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Discussion papers
https://doi.org/10.5194/acp-2019-417
© Author(s) 2019. This work is distributed under
the Creative Commons Attribution 4.0 License.
https://doi.org/10.5194/acp-2019-417
© Author(s) 2019. This work is distributed under
the Creative Commons Attribution 4.0 License.

Submitted as: research article 13 May 2019

Submitted as: research article | 13 May 2019

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This discussion paper is a preprint. It is a manuscript under review for the journal Atmospheric Chemistry and Physics (ACP).

Global nighttime atomic oxygen abundances from resampled GOMOS hydroxyl airglow measurements in the mesopause region

Qiuyu Chen1,2, Martin Kaufmann1,2, Yajun Zhu1, Jilin Liu1,2, Ralf Koppmann2, and Martin Riese1,2 Qiuyu Chen et al.
  • 1Institute for Energy and Climate Research, Forschungszentrum Jülich, Jülich, Germany
  • 2Institute for Atmospheric and Environmental Research, University of Wuppertal, Wuppertal, Germany

Abstract. This paper presents a new dataset of nighttime atomic oxygen density [O], derived from OH(8–4) ro-vibrational band emissions, using a non-local thermal equilibrium model, with the aim of offering new insight into the atomic oxygen abundances in the mesopause region. The dataset is based on the level-1 atmospheric background measurements observed by the GOMOS instrument on board Envisat. Raw data are reprocessed into monthly zonal mean values in 10° latitude bins with a fixed altitude grid of 3 km. The dataset spans from 70° S to 70° N in latitude and from 80 km to 100 km in altitude, covering a time period from May 2002 to December 2011 at local times of from 10 p.m. to 12 p.m.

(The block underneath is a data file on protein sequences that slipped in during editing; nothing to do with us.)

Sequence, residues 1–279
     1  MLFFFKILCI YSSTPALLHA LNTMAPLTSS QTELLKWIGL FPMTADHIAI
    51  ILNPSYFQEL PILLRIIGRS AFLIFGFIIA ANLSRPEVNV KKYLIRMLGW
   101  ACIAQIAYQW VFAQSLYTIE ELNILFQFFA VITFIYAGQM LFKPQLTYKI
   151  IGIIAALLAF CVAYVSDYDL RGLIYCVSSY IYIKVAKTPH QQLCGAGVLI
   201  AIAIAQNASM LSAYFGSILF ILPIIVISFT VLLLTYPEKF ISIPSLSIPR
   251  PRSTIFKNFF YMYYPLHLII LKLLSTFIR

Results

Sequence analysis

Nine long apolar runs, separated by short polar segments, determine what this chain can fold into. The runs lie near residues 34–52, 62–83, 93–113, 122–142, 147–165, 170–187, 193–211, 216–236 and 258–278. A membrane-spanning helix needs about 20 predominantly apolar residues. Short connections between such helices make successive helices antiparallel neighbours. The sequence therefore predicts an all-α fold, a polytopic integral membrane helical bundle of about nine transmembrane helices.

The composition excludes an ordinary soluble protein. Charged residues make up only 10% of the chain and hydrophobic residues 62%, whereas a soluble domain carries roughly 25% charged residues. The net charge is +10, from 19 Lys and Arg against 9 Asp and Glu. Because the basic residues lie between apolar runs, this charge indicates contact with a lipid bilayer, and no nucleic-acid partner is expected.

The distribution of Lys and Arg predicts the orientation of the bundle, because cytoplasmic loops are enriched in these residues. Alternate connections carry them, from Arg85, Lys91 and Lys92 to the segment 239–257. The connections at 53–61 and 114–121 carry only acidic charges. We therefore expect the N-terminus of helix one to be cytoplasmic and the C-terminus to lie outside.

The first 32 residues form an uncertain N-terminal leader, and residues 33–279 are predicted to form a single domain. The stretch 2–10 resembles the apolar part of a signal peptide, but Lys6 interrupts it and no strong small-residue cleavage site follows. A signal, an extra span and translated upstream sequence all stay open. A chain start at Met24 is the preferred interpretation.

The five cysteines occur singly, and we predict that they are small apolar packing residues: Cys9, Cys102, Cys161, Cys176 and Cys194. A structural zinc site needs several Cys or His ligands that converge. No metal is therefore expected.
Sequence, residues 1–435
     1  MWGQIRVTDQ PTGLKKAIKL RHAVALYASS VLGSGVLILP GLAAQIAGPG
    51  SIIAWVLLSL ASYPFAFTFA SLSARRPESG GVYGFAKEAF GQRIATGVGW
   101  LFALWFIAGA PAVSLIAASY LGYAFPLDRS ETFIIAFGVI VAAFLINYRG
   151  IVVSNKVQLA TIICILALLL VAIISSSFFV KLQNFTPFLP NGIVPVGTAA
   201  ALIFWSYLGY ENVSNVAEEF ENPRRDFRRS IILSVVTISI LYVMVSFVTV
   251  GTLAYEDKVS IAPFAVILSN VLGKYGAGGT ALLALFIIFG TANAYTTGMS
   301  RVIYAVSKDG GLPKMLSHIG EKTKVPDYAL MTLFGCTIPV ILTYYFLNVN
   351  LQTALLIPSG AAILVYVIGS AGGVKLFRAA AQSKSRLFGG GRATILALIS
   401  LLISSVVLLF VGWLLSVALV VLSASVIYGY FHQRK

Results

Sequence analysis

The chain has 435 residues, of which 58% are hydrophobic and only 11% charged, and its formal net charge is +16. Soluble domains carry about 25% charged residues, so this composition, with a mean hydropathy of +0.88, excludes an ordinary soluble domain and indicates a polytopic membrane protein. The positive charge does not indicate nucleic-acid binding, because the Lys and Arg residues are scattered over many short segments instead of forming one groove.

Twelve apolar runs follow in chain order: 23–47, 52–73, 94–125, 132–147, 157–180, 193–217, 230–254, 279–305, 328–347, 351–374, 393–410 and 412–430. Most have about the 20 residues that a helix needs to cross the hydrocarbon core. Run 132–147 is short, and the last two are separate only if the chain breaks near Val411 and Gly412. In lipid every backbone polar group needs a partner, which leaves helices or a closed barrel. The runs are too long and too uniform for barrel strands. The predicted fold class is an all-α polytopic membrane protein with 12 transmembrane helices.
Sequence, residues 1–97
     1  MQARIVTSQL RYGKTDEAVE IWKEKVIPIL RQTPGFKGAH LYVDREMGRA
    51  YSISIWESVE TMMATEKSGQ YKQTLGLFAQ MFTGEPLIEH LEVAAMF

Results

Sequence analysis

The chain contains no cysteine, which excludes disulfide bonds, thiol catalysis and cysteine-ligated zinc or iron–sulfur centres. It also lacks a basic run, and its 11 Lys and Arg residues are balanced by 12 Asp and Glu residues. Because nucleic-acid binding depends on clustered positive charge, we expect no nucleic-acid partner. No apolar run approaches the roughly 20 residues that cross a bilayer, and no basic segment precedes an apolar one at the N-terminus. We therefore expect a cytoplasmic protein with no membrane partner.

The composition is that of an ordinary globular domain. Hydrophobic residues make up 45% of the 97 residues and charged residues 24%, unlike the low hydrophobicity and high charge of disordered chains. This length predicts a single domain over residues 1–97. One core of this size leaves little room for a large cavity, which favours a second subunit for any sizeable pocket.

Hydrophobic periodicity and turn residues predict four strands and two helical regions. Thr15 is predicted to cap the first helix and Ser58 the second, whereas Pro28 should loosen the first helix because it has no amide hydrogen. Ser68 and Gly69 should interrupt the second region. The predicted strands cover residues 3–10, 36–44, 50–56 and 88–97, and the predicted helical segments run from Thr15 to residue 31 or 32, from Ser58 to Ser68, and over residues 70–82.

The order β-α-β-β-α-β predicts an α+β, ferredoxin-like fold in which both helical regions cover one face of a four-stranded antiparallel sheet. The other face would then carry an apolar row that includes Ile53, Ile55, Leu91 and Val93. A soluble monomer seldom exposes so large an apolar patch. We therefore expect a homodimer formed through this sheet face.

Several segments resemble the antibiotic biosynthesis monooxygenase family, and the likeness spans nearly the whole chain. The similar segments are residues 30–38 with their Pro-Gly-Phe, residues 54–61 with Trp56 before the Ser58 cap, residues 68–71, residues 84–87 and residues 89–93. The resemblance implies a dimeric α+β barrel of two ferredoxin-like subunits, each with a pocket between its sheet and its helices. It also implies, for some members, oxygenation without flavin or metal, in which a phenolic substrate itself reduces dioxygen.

The atomic oxygen density peaks at about 95 km and the highest values are in the range of 3–8 × 1011 atoms cm−3, depending on latitude and season. There is a rapid decrease of [O] below its peak region. The annual oscillation (AO), semiannual oscillation (SAO), and the solar cycle impact are distinguished from the [O] longtime series variations. This new GOMOS [O] dataset conforms to other published datasets and is consistent with the [O] datasets obtained from the SCIAMACHY OH airglow measurements to within about ±20 %.

Qiuyu Chen et al.
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Qiuyu Chen et al.
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Short summary
Atomic oxygen is one of the most important trace species in the mesopause region. A common technique to derive it from satellite measurements is to measure airglow emissions involved in the photochemistry of oxygen. In this work, hydroxyl nightglow measured by the GOMOS instrument on Envisat is used to derive a 10-year dataset of atomic oxygen in the middle and upper atmosphere. Annual and semiannual oscillations are observed in the data. The new data is consistent with various other datasets.
Atomic oxygen is one of the most important trace species in the mesopause region. A common...
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